Employers must provide PPE to employees with potential occupational exposure to eliminate or minimize the risk of infectious material entering their bodies. PPE is considered to be appropriate only if it does not permit blood or OPIMs to pass through or reach the employees' outer clothing, undergarments, skin, eyes, mouth or other mucous membranes under normal conditions of use. Following is a list of PPE and when it should be used.

  • Gloves: Wear whenever hand contact with blood or OPIMs is possible. Disposable (single-use) gloves, such as examination gloves, must be replaced as soon as possible when contaminated or when their ability to function as a barrier is compromised. They are not to be reused. (29 CFR 1910.1030(d)(3)(ix)(A)) Utility gloves can be reused if decontaminated, but must be discarded if cracked, discolored, punctured or showing any signs of deterioration. (29 CFR 1910.1030(d)(3)(ix)(c))
  • Masks, eye protection and face shields: Use in combination whenever splashes, spray or droplets of potentially infectious materials are generated. (29 CFR 1910.1030(d)(3)(x))
  • Gowns, aprons and other protective clothing: Wear when exposure to the body, head, feet, or clothing is possible. The type and characteristics of the covering will depend on the task and the exposure anticipated. (29 CFR 1910.1030(d)(3)(ix))
  • CPR masks: Use when CPR is given. Masks or faceshields should have a one-way valve to prevent contamination from the victim. (29 CFR 1910.1030(d)(3)(i))

HBV Vaccinations

Once employees receive training, HBV vaccinations should be made available to those who run the risk of exposure. (29 CFR 1910.1030(f)(2))

Post-Exposure Evaluation and Follow-Up

Employers must provide a confidential medical evaluation for any employees involved in an exposure incident. The purpose of this evaluation is to document the exposure route and circumstances surrounding the incident, blood testing, Human Immunodeficiency Virus (HIV)/HBV status of source and appropriate medical and psychological treatment. (29 CFR 1910.1030(f)(3))

Waste Disposal

All forms of blood or OPIMs, contaminated items that could release infectious materials or contaminated sharps must be placed in appropriate sharps containers or closable, color-coded or properly labeled leak-proof biohazard waste containers or bags. OPIM waste must be disposed of in accordance with federal, state and local regulations. (29 CFR 1910.1030(d)(4)(iii))

Tags, Labels and Bags

Warning labels must be attached to all containers used for the storage or transport of potentially infectious materials. The labels must be orange or red-orange with the biohazard symbol in a contrasting color. Red containers or bags can be substituted for warning labels. (29 CFR 1910.1030(g))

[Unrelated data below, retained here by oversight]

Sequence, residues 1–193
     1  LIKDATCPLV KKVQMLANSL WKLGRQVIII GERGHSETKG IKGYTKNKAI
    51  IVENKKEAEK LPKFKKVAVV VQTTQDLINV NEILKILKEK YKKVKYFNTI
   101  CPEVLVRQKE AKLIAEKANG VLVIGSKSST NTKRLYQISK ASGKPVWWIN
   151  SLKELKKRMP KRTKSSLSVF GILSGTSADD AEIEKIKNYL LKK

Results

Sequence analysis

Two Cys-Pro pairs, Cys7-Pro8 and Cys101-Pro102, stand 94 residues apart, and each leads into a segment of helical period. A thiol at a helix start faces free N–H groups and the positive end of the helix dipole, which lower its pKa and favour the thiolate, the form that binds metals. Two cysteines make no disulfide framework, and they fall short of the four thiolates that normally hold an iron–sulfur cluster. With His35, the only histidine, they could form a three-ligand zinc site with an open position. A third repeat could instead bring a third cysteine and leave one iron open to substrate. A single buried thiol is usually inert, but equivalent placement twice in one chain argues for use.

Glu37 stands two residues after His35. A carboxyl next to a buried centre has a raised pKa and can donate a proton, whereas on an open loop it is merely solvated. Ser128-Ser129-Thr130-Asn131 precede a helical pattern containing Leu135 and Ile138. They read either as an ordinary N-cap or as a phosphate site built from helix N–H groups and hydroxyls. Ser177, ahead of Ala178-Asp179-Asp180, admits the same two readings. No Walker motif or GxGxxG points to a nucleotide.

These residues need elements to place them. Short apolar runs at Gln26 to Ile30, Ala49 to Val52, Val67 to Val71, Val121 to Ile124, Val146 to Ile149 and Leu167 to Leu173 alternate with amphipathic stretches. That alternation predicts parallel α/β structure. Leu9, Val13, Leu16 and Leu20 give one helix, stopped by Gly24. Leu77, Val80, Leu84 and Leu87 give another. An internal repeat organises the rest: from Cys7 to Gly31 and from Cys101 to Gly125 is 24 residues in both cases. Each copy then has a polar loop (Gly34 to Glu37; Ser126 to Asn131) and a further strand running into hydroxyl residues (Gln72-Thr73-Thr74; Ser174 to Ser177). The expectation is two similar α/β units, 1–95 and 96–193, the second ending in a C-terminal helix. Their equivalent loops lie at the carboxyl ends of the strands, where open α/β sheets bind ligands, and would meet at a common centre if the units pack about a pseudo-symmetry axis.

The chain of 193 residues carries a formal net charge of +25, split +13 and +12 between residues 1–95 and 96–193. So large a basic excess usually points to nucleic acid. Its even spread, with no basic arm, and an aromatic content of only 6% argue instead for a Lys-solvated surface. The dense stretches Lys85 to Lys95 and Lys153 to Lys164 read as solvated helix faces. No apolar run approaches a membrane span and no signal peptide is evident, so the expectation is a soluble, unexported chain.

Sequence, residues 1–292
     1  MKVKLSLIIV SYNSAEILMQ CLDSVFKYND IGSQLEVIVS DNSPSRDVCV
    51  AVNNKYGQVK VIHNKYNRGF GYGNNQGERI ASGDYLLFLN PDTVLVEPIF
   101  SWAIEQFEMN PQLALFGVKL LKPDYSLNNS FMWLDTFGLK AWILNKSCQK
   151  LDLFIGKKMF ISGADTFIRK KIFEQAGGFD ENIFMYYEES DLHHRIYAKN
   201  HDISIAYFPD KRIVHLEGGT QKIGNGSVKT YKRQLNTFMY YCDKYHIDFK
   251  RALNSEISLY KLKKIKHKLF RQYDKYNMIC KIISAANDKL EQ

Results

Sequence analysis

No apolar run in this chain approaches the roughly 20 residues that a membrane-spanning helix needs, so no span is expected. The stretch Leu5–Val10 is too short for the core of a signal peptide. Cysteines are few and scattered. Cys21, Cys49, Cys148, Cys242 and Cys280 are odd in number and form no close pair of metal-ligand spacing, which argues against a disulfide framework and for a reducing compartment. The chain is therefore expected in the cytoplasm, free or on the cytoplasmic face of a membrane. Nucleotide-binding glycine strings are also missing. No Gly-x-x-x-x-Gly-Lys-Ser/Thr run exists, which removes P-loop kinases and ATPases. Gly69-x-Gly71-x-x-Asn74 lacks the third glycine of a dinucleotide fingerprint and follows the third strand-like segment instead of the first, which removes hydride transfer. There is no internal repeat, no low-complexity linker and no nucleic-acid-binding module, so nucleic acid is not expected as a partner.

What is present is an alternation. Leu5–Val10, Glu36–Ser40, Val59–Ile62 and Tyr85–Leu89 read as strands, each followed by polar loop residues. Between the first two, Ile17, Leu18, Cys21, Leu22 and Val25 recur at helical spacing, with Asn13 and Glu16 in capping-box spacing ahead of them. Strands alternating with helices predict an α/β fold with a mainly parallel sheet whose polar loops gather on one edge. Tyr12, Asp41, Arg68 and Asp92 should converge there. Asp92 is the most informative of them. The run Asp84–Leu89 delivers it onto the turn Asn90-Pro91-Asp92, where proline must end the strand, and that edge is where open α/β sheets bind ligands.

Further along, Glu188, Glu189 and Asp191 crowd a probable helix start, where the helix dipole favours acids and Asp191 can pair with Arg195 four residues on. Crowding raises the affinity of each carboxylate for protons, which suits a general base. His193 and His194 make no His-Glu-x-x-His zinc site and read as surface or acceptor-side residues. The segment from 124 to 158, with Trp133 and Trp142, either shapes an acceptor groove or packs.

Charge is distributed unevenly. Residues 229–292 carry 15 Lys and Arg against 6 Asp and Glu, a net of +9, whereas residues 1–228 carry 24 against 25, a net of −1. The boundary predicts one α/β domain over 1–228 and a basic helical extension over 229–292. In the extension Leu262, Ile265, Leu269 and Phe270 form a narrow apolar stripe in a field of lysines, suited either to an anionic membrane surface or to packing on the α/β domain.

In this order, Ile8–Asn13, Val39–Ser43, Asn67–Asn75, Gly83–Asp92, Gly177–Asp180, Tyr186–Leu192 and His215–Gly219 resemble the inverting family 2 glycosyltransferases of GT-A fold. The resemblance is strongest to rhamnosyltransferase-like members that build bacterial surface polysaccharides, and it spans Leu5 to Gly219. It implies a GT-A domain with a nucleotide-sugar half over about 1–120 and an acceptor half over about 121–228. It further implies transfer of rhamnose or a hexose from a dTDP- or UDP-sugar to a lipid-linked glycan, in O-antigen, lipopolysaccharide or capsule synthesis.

Housekeeping and Laundry Practices

Employers must create a schedule for periodic cleaning and appropriate disinfecting to ensure that the worksite is kept clean and sanitary. Contaminated laundry must be placed and transported in properly labeled or color-coded bags and containers. (29 CFR 1910.1030(d)(4)), (29 CFR 1910.1030(d)(4)(iv))

Recordkeeping

The employer must maintain medical and training records for each employee who faces the possibility of being exposed or who has been occupationally exposed to a bloodborne pathogen (29 CFR 1910.1030(h)). Employers are also required to establish and maintain a sharps injury log.

Commonly Asked Questions

Q.   What are sharps disposal containers?
 
A.   A sharps container is a place to deposit sharp instruments (i.e., needles or medical cutting tools) for disposal. These containers are puncture-resistant, leak-proof on the sides and bottom, closable and properly labeled or color-coded. They assure a higher level of safety than disposal bags.
 
Q.   Can biohazard bags or containers be both labeled and color-coded?
 
A.   Yes. OSHA's bloodborne pathogens standard states that containers must be either properly labeled or color-coded. Having both simply exceeds the intent of the regulation.
 

Sources

29 CFR 1910.1030

Centers for Disease Control and Prevention (CDC) Bloodborne Infectious Disease Page

(Rev. 7/2016)
 


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Please Note:
The information contained in this publication is intended for general information purposes only and is based on information available as of the initial date of publication. No representation is made that the information or references are complete or remain current. This publication is not a substitute for review of the current applicable government regulations and standards specific to your location and business activity, and should not be construed as legal advice or opinion. Readers with specific questions should refer to the applicable standards or consult with an attorney.